- Merkel calls for respect for differing political views
- Cameron, Corbyn to make joint statement in Cox’s district
Campaigning over whether the U.K. should quit the European Union was suspended for a second day on Friday after the murder of Labour lawmaker Jo Cox, an advocate for voting to stay in next week’s referendum.
Events planned by the two main campaign groups were canceled, while publication of opinion polls and an International Monetary Fund report were delayed until the weekend as tributes were paid to Cox. Prime Minister David Cameron, Chancellor of the Exchequer George Osborne and Bank of England Governor Mark Carney all canceled or shortened appearances on Thursday.
Cox, 41, was shot dead in the town of Birstall, northern England, in the early afternoon on Thursday. She was a fervent supporter of Britain remaining in the EU, as well as a champion of the poor and of Syrian refugees. Her murder followed an increasingly acrimonious debate over the referendum, with opinion polls putting “Vote Leave” ahead by several percentage points.
The repercussions of her death spread beyond U.K. borders, with Italian Prime Minister Matteo Renzi and U.S. presidential candidate Hillary Clinton among those commenting. German Chancellor Angela Merkel said the killing underlined the need to engage with respect with others of differing political views, urging an end to the “total exaggeration and radicalization” of political debate.
“We know how important it is to establish boundaries in one’s choice of language and argument as well as the choice in a sometimes disparaging way of arguing -- and to engage with respect those who think and believe and love differently,” Merkel told reporters in Berlin. “Politics can’t solve everything, but it can contribute to ensuring in what manner we engage in disagreement -- and this terrible murder reminds us all always to take this to heart.”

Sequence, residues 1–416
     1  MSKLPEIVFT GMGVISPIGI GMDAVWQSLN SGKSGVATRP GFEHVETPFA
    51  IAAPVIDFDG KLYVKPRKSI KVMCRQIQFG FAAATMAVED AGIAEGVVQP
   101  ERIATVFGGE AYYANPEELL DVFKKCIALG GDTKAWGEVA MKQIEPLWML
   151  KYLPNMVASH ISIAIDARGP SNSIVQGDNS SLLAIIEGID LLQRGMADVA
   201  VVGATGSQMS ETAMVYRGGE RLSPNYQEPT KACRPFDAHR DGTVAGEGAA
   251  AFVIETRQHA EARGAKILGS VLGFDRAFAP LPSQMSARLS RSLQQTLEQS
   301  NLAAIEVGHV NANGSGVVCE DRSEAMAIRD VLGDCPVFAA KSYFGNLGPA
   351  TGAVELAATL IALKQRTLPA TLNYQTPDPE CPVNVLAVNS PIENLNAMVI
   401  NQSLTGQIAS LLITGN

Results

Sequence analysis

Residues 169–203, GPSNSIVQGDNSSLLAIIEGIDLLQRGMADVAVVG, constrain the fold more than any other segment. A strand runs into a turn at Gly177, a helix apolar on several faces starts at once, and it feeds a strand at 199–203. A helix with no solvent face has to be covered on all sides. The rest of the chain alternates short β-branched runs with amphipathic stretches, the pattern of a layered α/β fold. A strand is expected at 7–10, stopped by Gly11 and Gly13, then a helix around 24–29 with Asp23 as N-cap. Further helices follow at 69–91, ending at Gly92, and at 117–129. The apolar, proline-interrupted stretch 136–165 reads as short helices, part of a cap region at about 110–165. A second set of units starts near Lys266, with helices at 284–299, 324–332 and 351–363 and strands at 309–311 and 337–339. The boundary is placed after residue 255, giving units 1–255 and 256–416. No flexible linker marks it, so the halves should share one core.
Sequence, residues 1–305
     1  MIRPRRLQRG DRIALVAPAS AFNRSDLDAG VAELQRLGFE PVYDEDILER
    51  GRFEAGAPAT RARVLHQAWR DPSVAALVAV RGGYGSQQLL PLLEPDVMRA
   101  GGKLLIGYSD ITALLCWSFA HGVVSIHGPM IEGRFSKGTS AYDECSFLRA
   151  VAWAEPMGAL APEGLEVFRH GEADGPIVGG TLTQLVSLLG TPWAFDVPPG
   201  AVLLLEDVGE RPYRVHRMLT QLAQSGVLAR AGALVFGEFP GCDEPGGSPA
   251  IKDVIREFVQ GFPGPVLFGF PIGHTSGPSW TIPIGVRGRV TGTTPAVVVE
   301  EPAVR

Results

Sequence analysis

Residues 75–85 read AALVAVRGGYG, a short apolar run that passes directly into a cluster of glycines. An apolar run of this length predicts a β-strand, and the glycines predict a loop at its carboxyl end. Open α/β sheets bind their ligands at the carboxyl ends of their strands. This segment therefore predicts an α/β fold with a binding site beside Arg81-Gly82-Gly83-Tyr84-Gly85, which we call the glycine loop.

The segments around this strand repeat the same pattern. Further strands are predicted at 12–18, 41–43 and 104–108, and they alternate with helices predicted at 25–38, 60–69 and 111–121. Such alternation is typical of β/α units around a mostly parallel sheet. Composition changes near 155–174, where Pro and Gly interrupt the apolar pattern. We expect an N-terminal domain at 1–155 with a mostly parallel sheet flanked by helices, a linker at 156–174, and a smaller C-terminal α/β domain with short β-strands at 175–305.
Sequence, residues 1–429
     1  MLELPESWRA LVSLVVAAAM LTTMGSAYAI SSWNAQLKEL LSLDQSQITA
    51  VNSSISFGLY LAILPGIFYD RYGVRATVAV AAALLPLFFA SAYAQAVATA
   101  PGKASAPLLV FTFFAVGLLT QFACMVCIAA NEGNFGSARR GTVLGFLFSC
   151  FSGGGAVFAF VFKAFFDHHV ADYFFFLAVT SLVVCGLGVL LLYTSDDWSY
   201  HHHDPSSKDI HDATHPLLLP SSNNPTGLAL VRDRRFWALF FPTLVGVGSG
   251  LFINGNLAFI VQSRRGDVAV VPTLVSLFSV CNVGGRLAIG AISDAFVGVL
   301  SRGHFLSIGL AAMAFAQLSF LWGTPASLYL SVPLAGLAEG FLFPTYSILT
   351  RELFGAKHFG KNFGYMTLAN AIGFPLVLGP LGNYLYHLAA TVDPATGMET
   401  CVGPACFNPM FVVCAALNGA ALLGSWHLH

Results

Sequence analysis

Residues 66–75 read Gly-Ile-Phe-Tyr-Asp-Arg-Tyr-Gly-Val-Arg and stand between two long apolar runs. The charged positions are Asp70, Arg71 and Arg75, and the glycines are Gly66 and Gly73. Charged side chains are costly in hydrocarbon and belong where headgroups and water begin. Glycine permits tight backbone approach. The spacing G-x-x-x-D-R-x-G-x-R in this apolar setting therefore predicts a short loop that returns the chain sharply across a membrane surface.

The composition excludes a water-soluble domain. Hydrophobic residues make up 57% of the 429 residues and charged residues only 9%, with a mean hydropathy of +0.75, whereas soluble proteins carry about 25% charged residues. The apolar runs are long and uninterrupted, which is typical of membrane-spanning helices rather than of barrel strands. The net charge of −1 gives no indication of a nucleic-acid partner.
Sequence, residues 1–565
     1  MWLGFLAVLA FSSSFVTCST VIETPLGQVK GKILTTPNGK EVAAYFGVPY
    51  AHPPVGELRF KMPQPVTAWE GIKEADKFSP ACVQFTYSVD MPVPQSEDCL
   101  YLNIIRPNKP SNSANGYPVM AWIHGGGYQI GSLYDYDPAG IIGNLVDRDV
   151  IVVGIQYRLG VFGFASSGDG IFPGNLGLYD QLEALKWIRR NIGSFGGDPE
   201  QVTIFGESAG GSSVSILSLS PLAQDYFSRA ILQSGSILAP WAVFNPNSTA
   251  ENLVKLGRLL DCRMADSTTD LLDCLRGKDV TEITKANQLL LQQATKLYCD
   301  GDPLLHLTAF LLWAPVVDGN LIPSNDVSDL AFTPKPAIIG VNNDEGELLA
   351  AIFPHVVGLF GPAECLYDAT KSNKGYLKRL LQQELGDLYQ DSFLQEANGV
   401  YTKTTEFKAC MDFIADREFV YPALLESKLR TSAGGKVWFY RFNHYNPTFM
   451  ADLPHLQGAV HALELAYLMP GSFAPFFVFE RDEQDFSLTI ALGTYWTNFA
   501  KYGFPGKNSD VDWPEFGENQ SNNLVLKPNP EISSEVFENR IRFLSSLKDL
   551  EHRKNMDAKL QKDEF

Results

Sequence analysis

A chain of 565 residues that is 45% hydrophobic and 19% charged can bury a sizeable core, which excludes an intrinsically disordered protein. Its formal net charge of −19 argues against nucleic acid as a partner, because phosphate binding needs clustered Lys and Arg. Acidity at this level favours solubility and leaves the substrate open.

While campaigning was suspended, Cameron’s office said he’ll make a joint appearance on Friday with Labour Party leader Jeremy Corbyn in Cox’s electoral district. Despite supporting the same outcome in the referendum, the two leaders have not shared a platform during the campaign. Cameron’s Conservatives also said they won’t contest Cox’s seat in the special election to replace her.
The prime minister is due to appear on Sunday evening on a special referendum edition of BBC television’s “Question Time” show, following a morning appearance by his pro-Brexit justice secretary, Michael Gove, and by Corbyn on the BBC’s “Andrew Marr” show.
On Saturday, the International Monetary Fund plans to release a report on the implications of the U.K. leaving the EU, while the polling company BMG will publish a referendum poll, both after being delayed by a day. The suspension of campaigning lifted the pound which fell in recent weeks as polls tightened.